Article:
Newest addition to the family

The nature eraser family.

My affinity for items / processes firewood related is thoroughly documented on this site. Despite all that, I’m not some sort of obsessive collector dork. Here’s my dealio: Who doesn’t love having a nice crackling hot fire when the weather turns bitey? I just happen to find the additional step of gathering and processing the firewood extremely satisfying. Paying money for wood and then lighting said wood on fire is, to put it mildly, fucking retarded. Why not just take the money you spent on the wood and light that on fire, hmmm? Think about THAT for a second. I’ll wait.

I’ll try to keep this short. A couple weeks ago, a strange little man in suede knee-high boots collapsed a very large tree in our yard. During this transaction, our conversation came upon firewood. I said something like, “Boy howdy, I shore bet you come across a whole messa good firewood logs,” or whatever. He said, “I’m cutting down an oak on Monday. You want it? I’ll cut it down and bring it over, but you gotta split it up.” Of course I fucking want it, man, but make sure you cut into meticulously even fireplace-sized logs, kthnks. Or something to that effect.

To be honest, I forgot about the oak firewood as soon as dude left. It scarcely entered my mind until a few days later when I came home to find this at the end of the driveway:

Upon closer examination, it became plainly obvious that these logs were decidedly not fireplace length. In fact, he had basically delivered a giant pile of garbage at the foot of my driveway. There were three, maybe four good trunk logs and the rest was weird limbs and undesireable bits. Oh, and every single piece was covered in a decade’s worth of ivy. I wouldn’t be surprised if the person who had this tree removed decided simply cutting the damn thing down was far easier then dealing with the ivy. This is the world in which we live. At first I was pissed, but after I discovered a reasonable amount of usable wood in the pile, I rationalized the mess by reminding myself that he brought all of this to my house without my help and it cost me exactly $0.

After a couple moments of rationalization I realized, not only was I decidedly not pissed, I was actually quite happy about this pile of someone else’s yard debris now resting in my yard. It meant I could finally justify a chainsaw of my own. Why not just borrow the Duke’s saw like I have until now? Because, according to the Duke, after years of being brought back from the dead, that old 1970s McCulloch has finally gone to the brush pile in the sky.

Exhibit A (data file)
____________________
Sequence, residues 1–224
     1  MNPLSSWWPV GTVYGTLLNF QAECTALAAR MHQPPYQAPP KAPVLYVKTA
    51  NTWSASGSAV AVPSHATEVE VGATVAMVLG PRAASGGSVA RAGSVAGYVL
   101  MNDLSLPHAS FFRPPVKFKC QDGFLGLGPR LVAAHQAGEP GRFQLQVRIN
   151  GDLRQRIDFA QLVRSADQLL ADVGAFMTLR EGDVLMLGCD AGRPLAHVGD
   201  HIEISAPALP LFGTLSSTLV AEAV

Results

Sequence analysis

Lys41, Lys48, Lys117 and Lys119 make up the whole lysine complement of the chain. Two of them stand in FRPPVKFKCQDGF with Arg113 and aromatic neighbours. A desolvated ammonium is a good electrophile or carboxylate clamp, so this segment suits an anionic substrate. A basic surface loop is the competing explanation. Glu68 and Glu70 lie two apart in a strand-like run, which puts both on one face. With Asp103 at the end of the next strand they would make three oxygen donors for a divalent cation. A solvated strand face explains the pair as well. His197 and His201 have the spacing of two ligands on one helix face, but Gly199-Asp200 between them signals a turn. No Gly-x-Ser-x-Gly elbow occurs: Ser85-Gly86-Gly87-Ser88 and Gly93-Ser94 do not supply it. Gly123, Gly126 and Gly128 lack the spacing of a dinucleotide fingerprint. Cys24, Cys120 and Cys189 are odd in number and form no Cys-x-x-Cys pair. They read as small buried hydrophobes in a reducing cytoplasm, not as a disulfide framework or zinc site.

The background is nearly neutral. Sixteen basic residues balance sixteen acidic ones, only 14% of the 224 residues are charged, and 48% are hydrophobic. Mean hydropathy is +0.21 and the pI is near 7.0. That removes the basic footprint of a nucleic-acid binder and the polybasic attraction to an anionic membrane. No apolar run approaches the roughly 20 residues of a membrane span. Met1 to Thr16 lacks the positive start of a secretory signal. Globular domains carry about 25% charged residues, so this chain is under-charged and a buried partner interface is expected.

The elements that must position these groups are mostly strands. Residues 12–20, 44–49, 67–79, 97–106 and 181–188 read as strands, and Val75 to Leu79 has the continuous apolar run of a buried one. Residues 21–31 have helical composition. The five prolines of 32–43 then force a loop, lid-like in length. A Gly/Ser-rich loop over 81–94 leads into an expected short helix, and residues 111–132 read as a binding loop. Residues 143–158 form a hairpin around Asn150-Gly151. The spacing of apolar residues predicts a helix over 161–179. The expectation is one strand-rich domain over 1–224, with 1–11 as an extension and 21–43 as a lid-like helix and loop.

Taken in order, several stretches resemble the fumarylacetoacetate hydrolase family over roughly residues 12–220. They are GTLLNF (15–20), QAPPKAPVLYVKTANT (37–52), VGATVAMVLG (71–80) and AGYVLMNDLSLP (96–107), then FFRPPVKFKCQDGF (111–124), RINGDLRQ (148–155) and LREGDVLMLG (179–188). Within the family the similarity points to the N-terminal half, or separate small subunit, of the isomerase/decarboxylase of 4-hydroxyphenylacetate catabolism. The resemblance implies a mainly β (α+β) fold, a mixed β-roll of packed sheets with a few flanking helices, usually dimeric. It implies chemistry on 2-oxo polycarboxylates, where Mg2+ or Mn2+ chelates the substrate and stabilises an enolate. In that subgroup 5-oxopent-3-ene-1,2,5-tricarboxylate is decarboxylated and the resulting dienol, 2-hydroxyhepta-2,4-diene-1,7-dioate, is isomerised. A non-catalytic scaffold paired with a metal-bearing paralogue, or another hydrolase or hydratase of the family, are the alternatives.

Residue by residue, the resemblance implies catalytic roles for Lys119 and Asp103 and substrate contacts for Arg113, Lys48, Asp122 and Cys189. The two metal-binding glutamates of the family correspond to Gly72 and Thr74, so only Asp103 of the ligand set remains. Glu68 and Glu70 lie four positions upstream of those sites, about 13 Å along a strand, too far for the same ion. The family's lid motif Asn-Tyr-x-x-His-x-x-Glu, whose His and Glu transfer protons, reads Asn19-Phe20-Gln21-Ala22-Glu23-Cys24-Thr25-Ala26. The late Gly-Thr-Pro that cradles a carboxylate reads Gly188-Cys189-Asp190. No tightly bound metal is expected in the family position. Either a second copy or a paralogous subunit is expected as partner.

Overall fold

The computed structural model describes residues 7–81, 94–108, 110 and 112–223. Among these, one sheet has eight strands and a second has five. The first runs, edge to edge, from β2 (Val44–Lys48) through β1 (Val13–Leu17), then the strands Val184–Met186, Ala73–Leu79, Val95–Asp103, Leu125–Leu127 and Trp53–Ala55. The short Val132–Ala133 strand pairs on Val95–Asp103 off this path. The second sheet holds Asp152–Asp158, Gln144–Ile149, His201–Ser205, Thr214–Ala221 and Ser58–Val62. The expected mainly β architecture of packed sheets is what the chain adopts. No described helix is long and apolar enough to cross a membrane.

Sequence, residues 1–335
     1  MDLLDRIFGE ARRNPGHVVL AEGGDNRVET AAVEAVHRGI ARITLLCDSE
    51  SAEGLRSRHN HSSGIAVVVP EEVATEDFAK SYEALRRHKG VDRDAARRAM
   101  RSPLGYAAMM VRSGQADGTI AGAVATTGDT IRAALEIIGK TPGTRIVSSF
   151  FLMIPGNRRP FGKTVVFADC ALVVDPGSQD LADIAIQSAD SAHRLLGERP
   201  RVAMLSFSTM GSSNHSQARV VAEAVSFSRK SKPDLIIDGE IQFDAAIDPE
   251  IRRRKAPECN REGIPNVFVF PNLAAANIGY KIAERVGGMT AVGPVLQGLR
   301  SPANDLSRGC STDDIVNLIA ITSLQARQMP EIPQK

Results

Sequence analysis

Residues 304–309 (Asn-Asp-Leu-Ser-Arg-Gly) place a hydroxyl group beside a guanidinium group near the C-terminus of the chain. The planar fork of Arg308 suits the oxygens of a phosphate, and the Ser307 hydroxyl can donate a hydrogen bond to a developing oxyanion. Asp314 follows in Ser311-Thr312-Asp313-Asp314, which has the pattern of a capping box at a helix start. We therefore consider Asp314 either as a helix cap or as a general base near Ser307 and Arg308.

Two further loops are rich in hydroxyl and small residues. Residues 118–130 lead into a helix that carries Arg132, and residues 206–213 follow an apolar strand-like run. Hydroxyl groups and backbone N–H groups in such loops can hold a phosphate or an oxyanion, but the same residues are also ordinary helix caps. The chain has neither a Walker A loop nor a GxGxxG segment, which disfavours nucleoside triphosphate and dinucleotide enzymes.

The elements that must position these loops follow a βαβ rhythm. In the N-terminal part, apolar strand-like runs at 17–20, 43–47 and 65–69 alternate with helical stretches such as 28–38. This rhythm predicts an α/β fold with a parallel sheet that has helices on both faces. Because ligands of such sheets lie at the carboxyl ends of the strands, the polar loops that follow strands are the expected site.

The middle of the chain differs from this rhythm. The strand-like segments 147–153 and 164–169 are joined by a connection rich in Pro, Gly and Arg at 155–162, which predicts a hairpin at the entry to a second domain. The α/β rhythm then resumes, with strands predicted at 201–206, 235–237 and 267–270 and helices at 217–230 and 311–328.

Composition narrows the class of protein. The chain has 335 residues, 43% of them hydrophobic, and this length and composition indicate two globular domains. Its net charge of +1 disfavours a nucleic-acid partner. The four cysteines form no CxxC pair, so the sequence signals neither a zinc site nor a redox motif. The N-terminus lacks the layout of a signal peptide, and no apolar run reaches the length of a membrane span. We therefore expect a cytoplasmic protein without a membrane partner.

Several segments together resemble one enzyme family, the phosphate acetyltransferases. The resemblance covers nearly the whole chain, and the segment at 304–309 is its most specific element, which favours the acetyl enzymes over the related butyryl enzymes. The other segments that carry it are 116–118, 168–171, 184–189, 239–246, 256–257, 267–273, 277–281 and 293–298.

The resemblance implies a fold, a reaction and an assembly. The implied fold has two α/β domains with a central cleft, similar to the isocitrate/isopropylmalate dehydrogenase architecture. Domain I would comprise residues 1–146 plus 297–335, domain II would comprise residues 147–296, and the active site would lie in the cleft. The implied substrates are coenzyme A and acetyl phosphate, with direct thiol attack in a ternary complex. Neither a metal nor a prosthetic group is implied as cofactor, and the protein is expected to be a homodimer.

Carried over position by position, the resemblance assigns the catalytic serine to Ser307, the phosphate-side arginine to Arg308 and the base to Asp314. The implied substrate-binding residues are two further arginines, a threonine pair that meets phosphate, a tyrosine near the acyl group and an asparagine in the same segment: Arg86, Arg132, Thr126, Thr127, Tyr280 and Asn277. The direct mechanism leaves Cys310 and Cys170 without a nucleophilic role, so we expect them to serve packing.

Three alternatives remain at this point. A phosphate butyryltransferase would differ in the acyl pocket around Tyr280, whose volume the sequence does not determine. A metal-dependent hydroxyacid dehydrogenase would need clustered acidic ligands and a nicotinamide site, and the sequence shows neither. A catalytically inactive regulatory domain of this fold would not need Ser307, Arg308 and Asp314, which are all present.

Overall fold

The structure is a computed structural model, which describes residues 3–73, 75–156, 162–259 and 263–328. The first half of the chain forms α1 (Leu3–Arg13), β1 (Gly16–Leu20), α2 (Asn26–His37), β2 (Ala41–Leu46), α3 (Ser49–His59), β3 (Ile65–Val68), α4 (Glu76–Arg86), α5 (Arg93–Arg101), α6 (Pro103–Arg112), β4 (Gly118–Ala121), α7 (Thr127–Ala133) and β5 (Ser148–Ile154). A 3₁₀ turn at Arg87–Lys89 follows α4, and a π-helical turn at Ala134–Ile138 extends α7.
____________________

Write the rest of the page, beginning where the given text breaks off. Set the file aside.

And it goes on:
I never like to cheap out on tools because it invariably bites me in the ass, but a new saw of reputable make with enough gonads for what I want to do starts at about $325. Right after Xmas = not gonna happen. Home Depot has a 42cc Poulan for $100, but I’ve read they’re prone to breakage, and having a reliable source for service and parts is key. Chainsaws require a lot of tinkering, futzing, sharpening, maintenance, etc. Home Depot is not this source. The Ace Hardware two miles from my house IS this source, but they are a Stihl dealer and, as I mentioned, a new Stihl is going to run almost four hunskies.

As a compromise, yesterday I gave $150 to Joey-in-Canton-whom-I-met-on-craigslist and in return he gave me a used Stihl 025 (which Stihl recently renamed the MS 250). I took it straight to the Ace Hardware for a makeover, which is a good thing, because it turns out Joey had managed to fit a 67-tooth chain on a 68-tooth guidebar thanks to the chain being re-he-he-heally stretched out. In addition to the chain, it needed a new spark plug, an air filer cleaning (which I can now do myself), and I picked up a bottle of chain oil.

Long story a tad bit longer, I was now eager to tackle this pile of sheet. Behold, used greatness:

The first step was to separate the wheat from the chaff as it were. I lucked out here because the ivy was so tangled up with itself the majority of it came off in big stiff chunks. It could have been much, much worse.

And this is what I was left with:

I got about four cuts in and the rain picked up forcing me to quit for the day. Today we’re going to have a late Xmas of sorts with my family, so you bitches will just have to wait for the final product. But I’m excited. Are you excited? Because I’m excited.

Got back

Gia and I returned yesterday afternoon from spending Xmas at the beach with her family. Oh, you didn’t realize we had left. Right. That’s because Gia has forbidden me from announcing to the internets when our house will be empty for any length of time. Not a bad idea I suppose, but it totally messes with my flow. Don’t tell her I said that.

Anyway, beach smeach*, I got a chainsaw today. More to come.